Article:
I guess I told one too many people about my career choice. Or maybe someone tipped off my parents that their youngest daughter desperately needed a reality check. Whatever happened, one evening my father told me he'd like to speak with me alone after dinner.

It was a short conversation. 

"I'm sorry, but you can't be a Swiss Guard."

"Why not?"

"Because we're not Swiss."


That had never occurred to me as a disqualifier.  Swiss-ness was all around me.  I loved Heidi. Not the Hollywood version, but the real live honest-to-God full length English translation of the original work (two volumes!) by Johanna Spyri, that my mother had read to me several times.  I had a real Swiss watch that my sister had brought home for me. I can't say I was wild about Swiss cheese (I still attribute this to an early traumatic "Farmer in the Dell" experience that put me off all cheese for quite a while), but I was all on board for the chocolate. And (perhaps most relevant) I had a Swiss Guard figure that stood at attention on the top of my dresser.  It looked something like this:

The simple fact that I was barred from something Swiss by virtue of nationality absolutely floored me.

But that surprise is an important part of any transformative "global" experience--especially, I think, for children growing up in the US. There's that false sense of entitlement we all know about, and it manifests itself early, even (perhaps especially) through gifts we're given and art we experience.  In enjoying Heidi and my watch (which still works, by the way) and my beloved little figure, I'd embraced "Swiss" as a kind of brand name, and missed the significance of nationality.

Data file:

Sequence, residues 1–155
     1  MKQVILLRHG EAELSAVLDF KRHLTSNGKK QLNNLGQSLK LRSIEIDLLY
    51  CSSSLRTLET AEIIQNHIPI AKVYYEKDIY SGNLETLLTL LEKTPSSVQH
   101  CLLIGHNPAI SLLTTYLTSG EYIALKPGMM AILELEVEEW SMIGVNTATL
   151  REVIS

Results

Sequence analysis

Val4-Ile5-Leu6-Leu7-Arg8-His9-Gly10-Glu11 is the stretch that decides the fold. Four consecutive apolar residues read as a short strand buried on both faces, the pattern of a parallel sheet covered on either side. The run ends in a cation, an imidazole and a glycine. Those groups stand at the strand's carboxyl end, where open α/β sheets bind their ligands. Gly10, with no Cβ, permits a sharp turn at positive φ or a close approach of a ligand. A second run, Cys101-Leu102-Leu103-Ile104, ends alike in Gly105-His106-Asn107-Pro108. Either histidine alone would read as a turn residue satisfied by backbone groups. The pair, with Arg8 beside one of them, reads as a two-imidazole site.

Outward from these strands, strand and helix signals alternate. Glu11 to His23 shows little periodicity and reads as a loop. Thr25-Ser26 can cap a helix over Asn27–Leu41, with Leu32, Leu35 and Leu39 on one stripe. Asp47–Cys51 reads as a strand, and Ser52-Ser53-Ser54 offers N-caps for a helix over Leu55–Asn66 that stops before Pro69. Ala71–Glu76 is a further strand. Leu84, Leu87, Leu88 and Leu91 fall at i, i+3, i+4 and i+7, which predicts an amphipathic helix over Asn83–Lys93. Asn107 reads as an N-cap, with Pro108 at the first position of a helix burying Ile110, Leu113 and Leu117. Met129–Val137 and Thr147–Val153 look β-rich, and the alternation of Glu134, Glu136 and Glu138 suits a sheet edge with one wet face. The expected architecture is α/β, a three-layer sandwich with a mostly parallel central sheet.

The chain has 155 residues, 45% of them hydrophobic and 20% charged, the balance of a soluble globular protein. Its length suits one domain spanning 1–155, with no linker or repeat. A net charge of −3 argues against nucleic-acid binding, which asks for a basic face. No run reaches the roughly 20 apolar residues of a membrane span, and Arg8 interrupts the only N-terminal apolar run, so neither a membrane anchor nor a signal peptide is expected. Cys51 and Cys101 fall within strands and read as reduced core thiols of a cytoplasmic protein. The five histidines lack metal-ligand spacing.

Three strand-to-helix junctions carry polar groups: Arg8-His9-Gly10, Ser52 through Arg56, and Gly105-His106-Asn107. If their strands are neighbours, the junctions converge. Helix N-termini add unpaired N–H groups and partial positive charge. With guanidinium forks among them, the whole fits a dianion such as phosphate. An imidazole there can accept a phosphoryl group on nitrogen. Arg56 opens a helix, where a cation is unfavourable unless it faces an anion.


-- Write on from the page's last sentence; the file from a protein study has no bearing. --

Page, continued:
Well, I was five, and all in all it was a worthwhile "global" experience, especially as it was my first. And the fact that only the Swiss can be Swiss Guards? That I coudn't be a Swiss Guard because I wasn't Swiss? That was okay. After a while.

Wednesday, November 13, 2013

What--no tiara? The dumbest thing I've taken abroad

Happy to join in the challenge my friend and colleague Cate Brubaker of Small Planet Studio has set us globally-oriented bloggers--three blogs this month on the same topics.
Today's topic:

"What's the weirdest or dumbest thing you've taken abroad?"

Didn't have to think about this one at all.  Immediately I had visions (flashbacks!) of the very dressy dress I packed for my junior year abroad in England.  (I'd been told that the last group in the program I was joining had been presented to Princess Margaret, and so I think I was packing with that royal fantasy/possibility in mind. That's my only excuse.)

Now when I say dressy, I don't just mean formal.  I mean straight out poufy-poufy.  Something like this:

Well, maybe not so extreme as that.   But it was pink. And poufy. 

Maybe I needed that extra fancy dress to feel ready for my first experience abroad on my own. Maybe it was an expression of the persona I wanted to project in a country that's the setting for so many of my favorite stories. Maybe it was my superheroine costume.  All I know is, it took up quite a lot of room in my luggage.  And I wore it only once the whole year, to a dinner at an Oxford college, where I got very strange looks indeed. 

Now I know better, I hope.  By all means, pack a "dress to impress" outfit.  But think about a simple black sheath that can be dressed up or down.  Like this:

See?  That wouldn't take up much room at all. And you'd be ready for anything. Even fantasies of meeting royalty. Really.